"In today's specialized way of work every industry has its own idiosyncrasies and shipping is no exception, but rather, a leading example. Shipping requires specialized and constant communication between the fleet's ships and the company's offices world wide (charters-crew-agents), thus making computerization an absolute requirement, in order to be able to compete/ for competing in an international market."

-How has the new technology facilitated or burdened the seafarers' job on a day-to-day basis and how willing were they to embrace the new technology?

The seafarers' job is favored from the new technology in mid to long-term, because in the short-term the benefits are rather counterweighed by the need for intensive training and the acceptance of change. In respect to the above, other factors which come in to play are the age, nationality and amount of preparation involved to make the product acceptable. In the long-run, however, a seafarer's life has not only been made easier but also safer with the ability to provide immediate, detailed information for efficient, on-time handling of emergency circumstances. This alone constitutes information technology a "Must". The software should, of course, be user-friendly and effective and should be able to serve as a valuable guide to the sailors in today's vast demand for concentrated information. The seafarers, most of the times, are negatively predisposed and will be willing to embrace the new technologies only after they are convinced in practice, that this will decrease their workload rather than increase it."

-Do you think that the shipping education provided nowadays to the Greek seafarers prepares them well enough to efficiently use and operate such technologically advanced operating systems?

"I think that the leading, foremost important factor is age. The younger Greek seafarers have a sound background in computing through their education, but also, on a more personal level, they seem to follow today's trends and find it interesting. They seem to be a lot more up-to-date with the latest technologies in computing and are familiar with Windows environment, thus having potential to efficiently and correctly make use of the new IT technologies and operating systems."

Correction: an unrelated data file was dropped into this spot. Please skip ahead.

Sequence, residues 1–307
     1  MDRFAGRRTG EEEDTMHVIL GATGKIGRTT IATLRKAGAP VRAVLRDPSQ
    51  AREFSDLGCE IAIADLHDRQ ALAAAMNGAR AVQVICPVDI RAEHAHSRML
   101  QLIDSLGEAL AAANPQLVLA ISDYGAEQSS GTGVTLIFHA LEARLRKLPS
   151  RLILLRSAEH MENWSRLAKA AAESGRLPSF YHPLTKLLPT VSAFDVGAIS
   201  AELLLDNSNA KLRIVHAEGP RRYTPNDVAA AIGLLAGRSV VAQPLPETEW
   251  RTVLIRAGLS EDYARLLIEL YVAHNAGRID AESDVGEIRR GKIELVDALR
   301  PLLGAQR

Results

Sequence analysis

-Can the new advanced operating systems save lives? Can they protect the environment and can they protect the seafarers from the legal responsibilities (criminalization and liabilities)?

"In all industries, and shipping being no exception, the management systems (e.g. ISM, ISO, Risk management etc.) have as primary goals the safe-keeping of the employees, the protection of the environment and consequently the avoidance of legal liabilities. The need to control and tackle these circumstances, constitute the implementation of such software and the demand for specialized personnel, a priority. It has become an undisputable necessity."

-The problem of fatigued seafarers to the point of exhaustion is now well and widely recognized. How are the smaller crew numbers justified by the more advanced operating tools?

"The convention STCW95 on crew handling has a specific clause that refers to the working hours and hours of rest. The smaller crews' numbers are most definitely a consequence of the progress made in automation. Nevertheless, most shipping companies nowadays prefer, as a precautionary step, bigger crews than the ones required by the "minimum safe manning" egulations."

-Are the multi-national crews facilitated by the new technologies in terms of assimilating information? Do they ease communication?

"The application of new information technologies on the ships with multi-national crews certainly help when informing the crew but also in terms of the operation of the ship itself. At this point we have to stress, however, that multi-national crews can potentially cause problems because of cultural differences, differences in the level of education, religion, and in general any difference between them.

One must be very careful when choosing the people that will work together, so as to minimize any potential friction between crew-members that might hinder in some way the operation of the ship.